How long does it take to close on a house? House Under Contract, now what? Week 3

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Welcome to week 3!  By this time, you’re probably getting anxious—and super excited—to move into your new home.  The good news is that there’s not a whole lot of work for you to do during this period; on our end, we’re getting to work on all things financing to bring you to the finish line.

As we head toward the completion of the loan process, we’re working on receiving the coveted cleared to close.  In laymen’s terms, this means that the underwriter has reviewed your entire file and approved your loan.  As long as nothing crazy happened between week 1 and week 3 (like you maxed out every credit card you own or lost your job), your loan will be approved, and you’ll be ready to move forward.

Keep in mind that banks have to deal with a lot of regulatory processing and paperwork to ensure compliance with a variety of federal standards.  The most important of these is the Consumer Financial Protection Bureau, an agency that makes sure banks, lenders and financial institutions treat you fairly.  Be on the lookout for paperwork that verifies the interest rate you’ve locked in, as this provides you proof that your loan rate is set.  There will be other regulatory items sent your way, and these all need to be signed in order to move forward with closing.

We’ll also confirm all 3rd party invoices in your file, including the title, appraisal, and homeowner’s insurance.  Once these are verified, we can order the CD, or Closing Disclosure.  The awesome—and helpful—thing about this Closing Disclosure is that it will lay out all of the 3rd party costs for you in one document.  Before this document, all financial costs by me have been estimates, as neither you nor I can control the final charges of these items.  The Closing Disclosure will list the actual costs that were required to manufacture and process your loan to get it to its ‘cleared to close’ status.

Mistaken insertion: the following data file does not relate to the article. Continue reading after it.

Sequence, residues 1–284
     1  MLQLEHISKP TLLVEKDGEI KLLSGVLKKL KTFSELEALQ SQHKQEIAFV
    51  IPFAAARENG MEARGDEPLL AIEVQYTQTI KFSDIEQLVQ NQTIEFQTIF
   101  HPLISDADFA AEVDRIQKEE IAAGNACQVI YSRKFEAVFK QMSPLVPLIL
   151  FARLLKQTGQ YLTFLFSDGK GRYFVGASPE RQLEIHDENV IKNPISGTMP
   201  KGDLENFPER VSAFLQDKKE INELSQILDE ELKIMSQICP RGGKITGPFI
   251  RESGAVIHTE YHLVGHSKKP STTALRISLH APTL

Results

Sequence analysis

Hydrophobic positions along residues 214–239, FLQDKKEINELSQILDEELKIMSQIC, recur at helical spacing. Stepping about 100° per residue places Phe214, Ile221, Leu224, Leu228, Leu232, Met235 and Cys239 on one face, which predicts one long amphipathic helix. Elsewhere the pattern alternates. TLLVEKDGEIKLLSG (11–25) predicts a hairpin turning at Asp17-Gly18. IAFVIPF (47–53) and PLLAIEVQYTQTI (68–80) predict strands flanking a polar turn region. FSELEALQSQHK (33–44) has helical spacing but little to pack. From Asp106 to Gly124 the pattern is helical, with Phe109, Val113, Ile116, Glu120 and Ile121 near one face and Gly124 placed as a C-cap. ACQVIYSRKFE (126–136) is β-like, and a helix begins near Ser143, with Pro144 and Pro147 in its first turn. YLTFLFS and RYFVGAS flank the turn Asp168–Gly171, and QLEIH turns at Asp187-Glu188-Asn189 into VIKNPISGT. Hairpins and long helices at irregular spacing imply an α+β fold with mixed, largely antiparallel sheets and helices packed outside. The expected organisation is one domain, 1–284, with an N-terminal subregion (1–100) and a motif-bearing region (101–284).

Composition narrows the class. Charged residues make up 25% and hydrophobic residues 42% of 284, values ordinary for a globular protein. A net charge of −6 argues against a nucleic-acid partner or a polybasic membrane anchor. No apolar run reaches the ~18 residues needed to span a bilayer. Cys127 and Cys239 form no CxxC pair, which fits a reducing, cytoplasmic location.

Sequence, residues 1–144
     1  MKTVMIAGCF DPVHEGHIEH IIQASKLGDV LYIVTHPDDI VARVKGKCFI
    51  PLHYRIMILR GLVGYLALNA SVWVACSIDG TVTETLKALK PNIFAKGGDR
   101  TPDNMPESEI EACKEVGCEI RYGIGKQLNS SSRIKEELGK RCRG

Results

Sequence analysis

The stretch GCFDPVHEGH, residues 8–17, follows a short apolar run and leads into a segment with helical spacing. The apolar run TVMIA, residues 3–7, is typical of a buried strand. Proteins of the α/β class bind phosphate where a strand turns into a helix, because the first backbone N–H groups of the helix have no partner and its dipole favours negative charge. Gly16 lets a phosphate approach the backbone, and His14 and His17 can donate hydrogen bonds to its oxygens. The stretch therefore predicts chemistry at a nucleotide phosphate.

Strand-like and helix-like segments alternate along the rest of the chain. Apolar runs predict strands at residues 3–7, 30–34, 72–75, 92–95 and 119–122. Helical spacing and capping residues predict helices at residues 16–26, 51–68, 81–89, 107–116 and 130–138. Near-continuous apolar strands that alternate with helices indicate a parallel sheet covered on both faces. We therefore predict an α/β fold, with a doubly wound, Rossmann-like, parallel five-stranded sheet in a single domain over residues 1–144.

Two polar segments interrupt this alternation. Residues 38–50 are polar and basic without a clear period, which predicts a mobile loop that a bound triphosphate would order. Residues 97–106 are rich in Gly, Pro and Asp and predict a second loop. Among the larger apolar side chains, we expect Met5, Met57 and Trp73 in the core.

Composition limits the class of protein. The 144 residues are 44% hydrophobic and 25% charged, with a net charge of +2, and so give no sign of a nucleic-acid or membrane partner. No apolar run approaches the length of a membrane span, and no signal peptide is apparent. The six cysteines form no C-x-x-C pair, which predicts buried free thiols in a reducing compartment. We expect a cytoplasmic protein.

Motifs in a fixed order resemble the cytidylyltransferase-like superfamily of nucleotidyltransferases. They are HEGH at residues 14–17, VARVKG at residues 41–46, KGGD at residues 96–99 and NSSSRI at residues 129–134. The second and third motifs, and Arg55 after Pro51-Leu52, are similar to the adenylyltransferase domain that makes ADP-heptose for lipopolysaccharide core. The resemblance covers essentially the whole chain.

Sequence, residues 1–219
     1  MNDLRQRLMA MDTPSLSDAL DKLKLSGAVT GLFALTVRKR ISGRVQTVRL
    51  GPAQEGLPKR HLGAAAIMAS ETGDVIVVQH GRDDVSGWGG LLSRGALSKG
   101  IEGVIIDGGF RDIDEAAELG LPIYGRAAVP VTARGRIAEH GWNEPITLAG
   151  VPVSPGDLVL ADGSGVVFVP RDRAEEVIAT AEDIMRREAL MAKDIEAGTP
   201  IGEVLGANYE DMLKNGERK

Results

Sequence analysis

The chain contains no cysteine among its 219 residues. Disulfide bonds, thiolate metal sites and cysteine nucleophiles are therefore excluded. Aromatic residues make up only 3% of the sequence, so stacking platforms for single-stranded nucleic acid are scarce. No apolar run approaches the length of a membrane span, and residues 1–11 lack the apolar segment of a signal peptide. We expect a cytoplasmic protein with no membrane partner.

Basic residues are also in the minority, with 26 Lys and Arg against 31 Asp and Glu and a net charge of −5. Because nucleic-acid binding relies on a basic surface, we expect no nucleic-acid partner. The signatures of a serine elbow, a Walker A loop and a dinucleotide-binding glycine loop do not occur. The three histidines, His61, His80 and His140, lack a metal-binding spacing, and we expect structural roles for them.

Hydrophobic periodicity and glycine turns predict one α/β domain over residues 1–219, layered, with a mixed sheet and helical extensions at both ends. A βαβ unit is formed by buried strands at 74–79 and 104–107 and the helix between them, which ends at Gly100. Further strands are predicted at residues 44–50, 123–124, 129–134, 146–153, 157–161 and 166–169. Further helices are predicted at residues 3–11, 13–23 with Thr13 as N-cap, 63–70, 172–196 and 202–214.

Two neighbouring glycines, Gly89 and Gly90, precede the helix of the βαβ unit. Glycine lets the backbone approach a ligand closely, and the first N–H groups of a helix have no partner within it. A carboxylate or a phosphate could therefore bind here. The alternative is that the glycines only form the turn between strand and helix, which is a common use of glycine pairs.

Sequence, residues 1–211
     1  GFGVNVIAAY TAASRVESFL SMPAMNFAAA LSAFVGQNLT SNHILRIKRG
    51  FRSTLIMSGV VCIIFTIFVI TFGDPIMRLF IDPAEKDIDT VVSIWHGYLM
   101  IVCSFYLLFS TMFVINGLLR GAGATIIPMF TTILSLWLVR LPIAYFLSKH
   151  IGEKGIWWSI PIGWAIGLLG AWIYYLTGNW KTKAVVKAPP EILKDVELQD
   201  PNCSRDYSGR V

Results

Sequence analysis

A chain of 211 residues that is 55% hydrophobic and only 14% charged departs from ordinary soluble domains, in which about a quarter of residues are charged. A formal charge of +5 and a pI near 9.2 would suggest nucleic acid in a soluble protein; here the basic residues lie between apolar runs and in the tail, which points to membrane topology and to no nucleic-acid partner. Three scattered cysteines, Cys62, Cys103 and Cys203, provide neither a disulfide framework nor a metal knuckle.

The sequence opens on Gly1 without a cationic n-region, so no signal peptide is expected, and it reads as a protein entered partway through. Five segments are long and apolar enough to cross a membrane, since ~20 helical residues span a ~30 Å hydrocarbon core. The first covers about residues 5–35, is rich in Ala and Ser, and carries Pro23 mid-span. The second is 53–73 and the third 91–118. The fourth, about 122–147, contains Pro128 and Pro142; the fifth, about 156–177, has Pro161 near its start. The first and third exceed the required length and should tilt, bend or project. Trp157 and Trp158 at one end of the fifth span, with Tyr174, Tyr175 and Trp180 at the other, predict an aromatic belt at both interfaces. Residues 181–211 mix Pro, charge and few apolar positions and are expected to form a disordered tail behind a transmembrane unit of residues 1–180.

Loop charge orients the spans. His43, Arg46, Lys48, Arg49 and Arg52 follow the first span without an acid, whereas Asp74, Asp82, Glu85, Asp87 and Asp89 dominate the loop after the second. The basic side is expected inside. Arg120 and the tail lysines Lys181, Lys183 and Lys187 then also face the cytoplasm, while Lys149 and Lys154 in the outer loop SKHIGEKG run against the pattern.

Remember: The Closing Disclosure will need to be received and signed at least 3 days prior to closing to be in compliant with the CFPB (Consumer Financial Protection Bureau).

Some of the other things you’ll want to start doing in week 3 relate to your physical move.  You’ll want to start packing, schedule your movers, switch utilities, change your forwarding address at the post office, and make sure your current landlord is up to date on your plans.  One thing I can’t stress enough: use this opportunity to streamline and GET RID OF JUNK!  If you come across a bunch of stuff you didn’t even remember you had, now is a great time to downsize and start fresh.  The better prepared you are to move, the less stress, anxiety, and headaches you’ll create for yourself when the day finally comes.

QUICK MORTGAGE TIP: DON’T jeopardize your credit by buying a ton of new furniture—or a new car (yes, I have had clients do this 2 DAYS before closing).

The reason for this advice?  Your debt to income ratio is how you get approved for your home loan, and your credit report is on file.  If you get your credit report pulled while trying to make a big purchase with one of your cards—or the balances on your credit cards increase—we’ll get notified, which may require us to re-underwrite your loan.  This could ultimately lead to you losing your loan qualification; in the bank’s eyes, once your debt to income ratio changes, you’re no longer the same qualified borrower.

The best rule of thumb is to avoid using credit while under contract on your new house.  You want the last few days of closing to go as smoothly as possible, and after all the work you’ve put in, you don’t want anything to jeopardize the process.

It’s time to move on to the next lesson…you’re almost there!